► From the AFL-CIO — AFL-CIO supports bill expanding voting rights
► From The Hill — McConnell works to freeze support for Dem campaign finance effort — Senate Majority Leader Mitch McConnell (R-Ky.) is pulling out all the stops to make sure not a single Republican senator backs the House-approved campaign finance and ethics reform bill.
► In the Amserdam News — Union leaders: Keep protection for TPS and Dreamers permanent — More than 30 national unions and labor institutions sent a letter to Washington, D.C., urging Congress to stand by TPSers and Dreamers. “For the labor movement, these programs have been vital in ensuring that thousands of working people have rights on the job and the freedom to negotiate together for fair pay and working conditions,” said AFL-CIO President Richard Trumka. “It is long past due that all members of Congress work together to immediately pass immigration legislation that will give Temporary Protected Status and Deferred Action for Childhood Arrivals recipients a pathway to citizenship.”
► In today’s Washington Post — Manafort sentenced to about 4 years in prison in Virginia case — Paul Manafort, who once served as Trump’s campaign chairman, was sentenced to nearly four years in prison Thursday for cheating on his taxes and bank fraud — a far lesser sentence than the roughly 20 years he had faced under federal sentencing guidelines.
► In today’s Washington Post — Sen. Elizabeth Warren unveils plan to break up Amazon, Facebook and Google in ambitious campaign pledge
► In today’s NY Times — Weak jobs report clouds economic picture — Just 20,000 jobs were added last month. Analysts had expected a gain of about 175,000, according to MarketWatch.
► From the NY Times — Sharp drop in hiring brings dose of realism — The clunker of a report on job growth that the Labor Department published Friday morning is telling us something we should have already suspected. Specifically, that recent blockbuster readings on U.S. job creation were a little too good to be true. American employers, while still adding to their payrolls, have not been on the epic hiring spree previous reports had suggested.
► In today’s NY Times — U.S. women’s soccer team sues U.S. Soccer for gender discrimination — All 28 members of the world champion United States women’s national team filed a gender discrimination lawsuit against the United States Soccer Federation on Friday, a sudden and significant escalation of a long-running fight over pay equity and working conditions that comes only months before the team will begin defense of its Women’s World Cup title.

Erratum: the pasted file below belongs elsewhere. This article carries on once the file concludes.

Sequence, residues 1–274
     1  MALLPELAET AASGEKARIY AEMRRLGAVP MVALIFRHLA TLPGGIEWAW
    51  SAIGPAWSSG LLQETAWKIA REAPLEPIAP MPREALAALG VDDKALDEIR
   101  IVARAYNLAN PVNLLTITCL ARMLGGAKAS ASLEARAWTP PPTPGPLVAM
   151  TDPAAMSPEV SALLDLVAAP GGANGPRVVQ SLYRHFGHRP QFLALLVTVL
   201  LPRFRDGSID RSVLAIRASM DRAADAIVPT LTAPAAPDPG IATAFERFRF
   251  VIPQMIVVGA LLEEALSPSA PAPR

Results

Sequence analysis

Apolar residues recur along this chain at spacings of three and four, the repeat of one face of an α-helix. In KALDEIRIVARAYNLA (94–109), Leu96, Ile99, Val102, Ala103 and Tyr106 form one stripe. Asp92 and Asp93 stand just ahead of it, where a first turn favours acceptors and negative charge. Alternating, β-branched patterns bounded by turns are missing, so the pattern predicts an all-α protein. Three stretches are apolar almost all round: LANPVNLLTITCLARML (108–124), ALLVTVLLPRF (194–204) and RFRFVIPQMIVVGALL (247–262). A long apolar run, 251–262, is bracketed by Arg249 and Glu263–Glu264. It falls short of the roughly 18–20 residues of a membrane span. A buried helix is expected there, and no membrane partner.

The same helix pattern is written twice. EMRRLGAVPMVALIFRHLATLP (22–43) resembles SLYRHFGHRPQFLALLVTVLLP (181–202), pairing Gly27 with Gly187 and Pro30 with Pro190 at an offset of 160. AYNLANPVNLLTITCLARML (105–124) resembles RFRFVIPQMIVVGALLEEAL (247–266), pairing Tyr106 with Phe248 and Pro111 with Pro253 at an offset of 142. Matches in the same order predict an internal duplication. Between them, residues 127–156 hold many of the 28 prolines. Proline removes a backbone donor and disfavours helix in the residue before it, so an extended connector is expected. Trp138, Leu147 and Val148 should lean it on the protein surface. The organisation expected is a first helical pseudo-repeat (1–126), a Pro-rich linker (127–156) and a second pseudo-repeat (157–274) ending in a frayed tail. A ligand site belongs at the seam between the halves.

► From Education Week — 1.7 million students attend schools with police but no counselors, new data show — As policymakers call for more school police in response to safety concerns, a new analysis of federal data shows that many students don’t have access to other kinds of staff necessary for safety and support—staff like school nurses, social workers, and psychologists.
► From Labor 411 — Airline catering workers at Flying Food Group sign historic contract — The contract approved by employees at Flying Food Group (FFG) near LAX includes affordable health insurance and salary increases that will increase some of their wages to more than $20 per hour by the end of the contract.
EDITOR’S NOTE — Meanwhile, airline catering workers near Sea-Tac Airport at LSG Skychefs and Gate Gourmet have been denied coverage under the City of SeaTac’s $15 minimum wage. They are FED UP and working with UNITE HERE to get the Port of Seattle to give them those same minimum wage protections.
► In today’s Washington Post — For International Women’s Day, here are 7 of history’s greatest women-led protests — In honor of the holiday’s more egalitarian roots, here are some regular women in history who gathered together to protest, rebel and, in some cases, riot.
► Forty years ago in 1979, three guys formed a band called The Stray Cats that adopted the music, style and energy of their rock ‘n’ roll predecessors from the 1950s. Doing so at a time that synthesized New Wave music was taking over the airwaves, The Stray Cats attracted attention and praise from members of The Who, Led Zeppelin and The Rolling Stones, who hailed their back-to-basics approach to rockin’. They disbanded in 1984, near the height of their popularity, and though they have reunited on occasion over the years, they mostly went their separate ways. (Notably, their underrated lead singer/guitarist led another revival — of swing music — with his excellent 1990s band The Brian Setzer Orchestra.)
Why are we telling you all this? Well, The Stray Cats just released a single this week from their first new album in 26 years, called 40, and are planning a tour this summer. Alas, no dates are currently scheduled any closer than Los Angeles. That’s a damn shame for those of you who’ve never seen them. The Entire Staff of The Stand did — in Baltimore back when we were in high school. And it was a lot of fun. Here’s proof.
The Stand posts links to Washington state and national news of interest every weekday morning by 10 a.m.